Having said this, the Code states that 'the lawfulness of what a service provider does or fails to do will be judged by what it knew (or could reasonably have known), what it did and why it did it at the time of the alleged discriminatory act' [the Code's emphasis] [50]. Thus it would be possible for a service provider to claim that they were unaware that their site was inaccessible and thus unaware that a duty existed under the act. However, unlike the earlier code, following the case of Rose v Bouchet [51] there is now a requirement on the service provider to make enquiries, seek advice and come to a considered position in light of the circumstances [52].

On top of this subjective test there is however an objective test where the court considers whether the view of the service provider was reasonably held. Thus it is submitted that if the service provider failed to take advice on legal issues affecting a Web presence the court could consider that it ought to have.

On the other hand, if advice had been sought and accessibility had been omitted from this advice the court could consider that the view was reasonable because the service provider had made efforts and it was through no fault of his own that he held the wrong opinion. However, it is submitted that once the service provider was made aware of the issue, i.e. when the disabled person first raised the complaint, the duty would then exist. Whilst this may avoid the payment of damages for harm before this point, the pursuer could still ask the court to make a decree ordering compliance. Like many of the propositions put forward in this paper, we will have to wait for the issue to be considered by a court of law before any definite presumptions can be made.

4. 'Reasonable Adjustments' under s.21

An alternative definition of 'disability' is given under s.20(2). This section states that a service provider will discriminate against a disabled person if he fails to comply with a duty imposed under s.21 and cannot show that this failure is justified. If the failure to comply with these duties leads to the service being impossible or unreasonably difficult to use by a disabled person then discrimination will take place under s.19(1)(b). In relation to s.19(1)(b) duty to the Code suggests an interpretation for 'unreasonably difficult' as including consideration to time, inconvenience, discomfort and effort which may be considered unreasonable by other people [53].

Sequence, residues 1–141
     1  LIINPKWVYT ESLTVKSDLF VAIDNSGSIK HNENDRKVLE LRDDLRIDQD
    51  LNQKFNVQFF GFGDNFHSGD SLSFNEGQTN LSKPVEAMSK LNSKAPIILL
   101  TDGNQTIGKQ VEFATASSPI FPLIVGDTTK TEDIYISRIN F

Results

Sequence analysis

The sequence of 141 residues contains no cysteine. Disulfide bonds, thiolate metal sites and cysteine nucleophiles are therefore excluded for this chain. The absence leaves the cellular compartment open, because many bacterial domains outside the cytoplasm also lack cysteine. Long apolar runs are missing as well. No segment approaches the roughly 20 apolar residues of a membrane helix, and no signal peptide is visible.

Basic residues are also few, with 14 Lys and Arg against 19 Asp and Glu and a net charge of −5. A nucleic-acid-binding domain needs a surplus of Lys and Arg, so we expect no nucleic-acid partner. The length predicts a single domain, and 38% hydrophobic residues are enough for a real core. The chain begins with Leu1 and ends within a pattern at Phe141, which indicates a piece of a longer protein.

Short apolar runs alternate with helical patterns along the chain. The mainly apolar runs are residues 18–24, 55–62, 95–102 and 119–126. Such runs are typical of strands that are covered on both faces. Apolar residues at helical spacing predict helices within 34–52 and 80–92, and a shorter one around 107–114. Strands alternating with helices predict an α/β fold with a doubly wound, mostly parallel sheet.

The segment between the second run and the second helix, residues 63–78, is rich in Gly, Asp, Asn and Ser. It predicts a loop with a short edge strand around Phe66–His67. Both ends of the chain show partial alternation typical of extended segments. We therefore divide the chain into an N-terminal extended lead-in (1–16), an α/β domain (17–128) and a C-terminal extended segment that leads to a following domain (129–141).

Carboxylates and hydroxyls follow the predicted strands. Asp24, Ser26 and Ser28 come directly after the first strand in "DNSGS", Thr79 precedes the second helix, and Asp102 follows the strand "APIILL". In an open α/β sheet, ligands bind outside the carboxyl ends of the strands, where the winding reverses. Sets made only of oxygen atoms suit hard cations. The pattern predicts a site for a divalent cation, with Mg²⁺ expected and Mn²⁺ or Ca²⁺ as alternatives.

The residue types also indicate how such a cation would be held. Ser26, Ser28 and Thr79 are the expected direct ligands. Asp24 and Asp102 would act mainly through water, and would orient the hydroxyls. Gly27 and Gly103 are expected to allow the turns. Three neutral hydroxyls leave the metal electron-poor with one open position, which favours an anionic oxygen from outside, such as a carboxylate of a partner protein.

The duties imposed under s.21 apply to the provision of 'reasonable adjustments'. Therefore the next question to be considered is that of what a reasonable adjustment is. As an inaccessible Web site would be unreasonably difficult or impossible to use, it is clear that the s.21 duties must be considered. Thus it must be asked whether it would be a reasonable adjustment to modify a Web site so that it becomes accessible. At this stage it is of relevance to consider developments elsewhere in the world as to the approaches taken there when considering such questions.

4.1 Maguire v Socog [54]

4.1.1 The Facts

During the research for this dissertation an important hearing took place in front of Australia's Human Rights and Equal Opportunities Commission (HREOC) [55]. The plaintiff, Bruce Maguire, who has been blind since birth, brought an action under the Commonwealth Disability Discrimination Act 1992 (Cth DDA) alleging that the Sydney Organising Committee for the Olympic Games' (SOCOG) Web site was inaccessible and thus infringing the Act.

Maguire, a highly experienced computer user who accesses the Web via a refreshable Braille display and a Web browser, originally brought the action in June 1999 along with a complaint regarding the failure to provide ticket booklets in Braille and a failure to provide Braille versions of the souvenir programme. The issue regarding the ticket books was the subject of a Directions Conference on 27 and 28 September and the Commission ruled in favour of the plaintiff. However, resolution of the other two issues was unsuccessful and subsequently adjourned to a later date. This took place on 27 March 2000 and it was set down that the inquiry into the allegedly inaccessible Web site would take place on 3 and 4 July 2000.